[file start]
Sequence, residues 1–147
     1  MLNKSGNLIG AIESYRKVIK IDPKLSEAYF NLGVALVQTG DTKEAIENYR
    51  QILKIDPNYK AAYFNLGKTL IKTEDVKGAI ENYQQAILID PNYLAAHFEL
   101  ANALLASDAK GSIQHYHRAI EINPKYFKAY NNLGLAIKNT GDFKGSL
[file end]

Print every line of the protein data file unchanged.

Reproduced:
Sequence, residues 1–147
     1  MLNKSGNLIG AIESYRKVIK IDPKLSEAYF NLGVALVQTG DTKEAIENYR
    51  QILKIDPNYK AAYFNLGKTL IKTEDVKGAI ENYQQAILID PNYLAAHFEL
   101  ANALLASDAK GSIQHYHRAI EINPKYFKAY NNLGLAIKNT GDFKGSL